We have several native species of lizards that call the islands home. The six-lined race runners and the green anole to name two. However, non-native and invasive lizards are on the increase. It is believed there are actually more non-native and invasive lizards in Florida than native ones. The Argentina Tegu and the Cuban Anole are both problems and the Brown Anole is now established in Gulf Breeze, East Hill, and Perdido Key – probably other locations as well. Growing up I routinely find the horned lizard in our area. I was not aware then they were non-native, but by the 1970s you could only find them on our barrier islands, and today sightings are rare.
An eastern cottonmouth crossing a beach.
Photo: Molly O’Connor
Then there are the snakes.
Like all reptiles, snakes like dry xeric environments like barrier islands. We have 46 species in the state of Florida, and many can be found near the coast. Though we have no sea snakes in the Gulf, all of our coastal snakes are excellent swimmers and have been seen swimming to the barrier islands. Of most concern to residents are the venomous ones. There are six venomous snakes in our area and four of them can be found on barrier islands. These include the Eastern Diamondback Rattlesnake, the Pygmy Rattlesnake, the Eastern Coral Snake, and the Eastern Cottonmouth. There has been a recent surge in cottonmouth encounters on islands and this could be due to more people with more development causing more encounters, or there may be an increase in their populations. Cottonmouths are more common in wet areas and usually want to be near freshwater. Current surveys are trying to determine how frequently encounters do occur.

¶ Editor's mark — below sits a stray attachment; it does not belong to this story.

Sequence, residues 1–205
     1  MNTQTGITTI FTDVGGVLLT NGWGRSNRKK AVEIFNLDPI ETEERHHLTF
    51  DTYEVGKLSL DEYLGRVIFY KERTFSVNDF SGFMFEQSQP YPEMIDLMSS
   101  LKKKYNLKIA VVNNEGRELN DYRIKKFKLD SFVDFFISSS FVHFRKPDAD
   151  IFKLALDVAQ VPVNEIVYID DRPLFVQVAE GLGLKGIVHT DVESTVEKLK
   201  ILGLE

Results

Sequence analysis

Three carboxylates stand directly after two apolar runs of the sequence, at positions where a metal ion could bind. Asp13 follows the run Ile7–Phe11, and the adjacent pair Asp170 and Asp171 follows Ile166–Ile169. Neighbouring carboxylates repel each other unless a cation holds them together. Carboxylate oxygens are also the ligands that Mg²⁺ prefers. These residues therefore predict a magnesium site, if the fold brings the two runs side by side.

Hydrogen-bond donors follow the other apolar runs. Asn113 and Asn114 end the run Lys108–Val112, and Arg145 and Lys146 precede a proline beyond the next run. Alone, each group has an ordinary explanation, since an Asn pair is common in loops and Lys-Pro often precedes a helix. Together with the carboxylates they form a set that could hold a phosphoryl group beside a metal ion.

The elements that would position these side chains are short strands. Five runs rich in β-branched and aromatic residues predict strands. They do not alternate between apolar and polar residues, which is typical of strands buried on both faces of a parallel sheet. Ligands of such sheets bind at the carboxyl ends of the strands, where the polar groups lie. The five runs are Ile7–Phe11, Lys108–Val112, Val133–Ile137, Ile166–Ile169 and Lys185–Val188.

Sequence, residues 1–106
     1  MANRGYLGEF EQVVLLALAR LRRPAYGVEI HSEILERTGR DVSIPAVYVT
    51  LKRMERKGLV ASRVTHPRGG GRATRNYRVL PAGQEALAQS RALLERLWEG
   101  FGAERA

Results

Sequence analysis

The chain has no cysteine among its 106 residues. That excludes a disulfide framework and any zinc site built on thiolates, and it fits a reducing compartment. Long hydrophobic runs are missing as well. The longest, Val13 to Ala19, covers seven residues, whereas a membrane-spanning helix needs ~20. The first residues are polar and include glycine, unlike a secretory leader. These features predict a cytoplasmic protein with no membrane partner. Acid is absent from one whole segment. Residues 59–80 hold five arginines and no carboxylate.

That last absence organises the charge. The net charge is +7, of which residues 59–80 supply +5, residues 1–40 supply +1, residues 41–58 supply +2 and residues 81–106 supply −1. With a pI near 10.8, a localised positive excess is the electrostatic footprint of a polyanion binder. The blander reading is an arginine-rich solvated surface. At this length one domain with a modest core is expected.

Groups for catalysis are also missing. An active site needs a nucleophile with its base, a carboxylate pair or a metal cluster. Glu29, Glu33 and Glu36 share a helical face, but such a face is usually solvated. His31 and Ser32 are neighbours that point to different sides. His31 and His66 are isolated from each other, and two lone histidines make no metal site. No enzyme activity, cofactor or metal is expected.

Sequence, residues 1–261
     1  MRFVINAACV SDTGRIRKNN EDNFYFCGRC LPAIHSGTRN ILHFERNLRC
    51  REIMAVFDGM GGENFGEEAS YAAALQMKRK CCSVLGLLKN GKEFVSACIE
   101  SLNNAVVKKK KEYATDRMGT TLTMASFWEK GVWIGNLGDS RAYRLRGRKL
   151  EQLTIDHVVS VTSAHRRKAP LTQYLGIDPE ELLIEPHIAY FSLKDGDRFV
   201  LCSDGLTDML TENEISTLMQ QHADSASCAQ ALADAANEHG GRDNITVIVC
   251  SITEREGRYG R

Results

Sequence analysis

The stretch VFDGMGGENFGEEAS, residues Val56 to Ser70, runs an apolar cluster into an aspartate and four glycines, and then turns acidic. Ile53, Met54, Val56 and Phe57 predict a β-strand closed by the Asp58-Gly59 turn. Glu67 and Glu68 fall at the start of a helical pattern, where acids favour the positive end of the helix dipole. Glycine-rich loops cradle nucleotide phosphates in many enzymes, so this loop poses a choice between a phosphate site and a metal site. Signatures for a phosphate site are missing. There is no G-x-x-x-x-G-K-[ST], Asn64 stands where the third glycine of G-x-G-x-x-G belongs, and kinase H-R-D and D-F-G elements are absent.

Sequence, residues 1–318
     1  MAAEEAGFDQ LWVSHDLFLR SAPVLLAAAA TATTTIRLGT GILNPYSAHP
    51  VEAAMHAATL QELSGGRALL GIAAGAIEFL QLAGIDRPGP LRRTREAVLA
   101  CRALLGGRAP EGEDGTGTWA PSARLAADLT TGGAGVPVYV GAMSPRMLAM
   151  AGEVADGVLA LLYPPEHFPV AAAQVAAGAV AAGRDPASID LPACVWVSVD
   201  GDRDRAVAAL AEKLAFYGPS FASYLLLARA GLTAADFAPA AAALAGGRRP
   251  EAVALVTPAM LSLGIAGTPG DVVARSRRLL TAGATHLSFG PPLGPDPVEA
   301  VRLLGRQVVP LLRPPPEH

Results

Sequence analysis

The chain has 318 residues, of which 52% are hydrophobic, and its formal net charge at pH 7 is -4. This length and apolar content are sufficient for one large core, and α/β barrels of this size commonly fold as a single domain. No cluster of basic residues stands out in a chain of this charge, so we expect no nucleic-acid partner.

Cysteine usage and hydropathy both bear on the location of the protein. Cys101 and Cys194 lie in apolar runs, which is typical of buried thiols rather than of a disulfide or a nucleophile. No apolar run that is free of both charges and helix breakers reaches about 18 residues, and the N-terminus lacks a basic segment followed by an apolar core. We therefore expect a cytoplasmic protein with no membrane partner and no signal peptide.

Not everyone agrees, but I think reptiles are fascinating animals and a unique part of the Gulf biosphere. We hope others will appreciate them more and learn to live with and enjoy them.